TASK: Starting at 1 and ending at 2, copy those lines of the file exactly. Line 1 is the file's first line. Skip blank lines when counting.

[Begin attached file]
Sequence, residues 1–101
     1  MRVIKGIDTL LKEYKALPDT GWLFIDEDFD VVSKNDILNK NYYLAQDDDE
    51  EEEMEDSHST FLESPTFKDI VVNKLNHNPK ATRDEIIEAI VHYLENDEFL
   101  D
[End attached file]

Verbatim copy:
Sequence, residues 1–101
     1  MRVIKGIDTL LKEYKALPDT GWLFIDEDFD VVSKNDILNK NYYLAQDDDE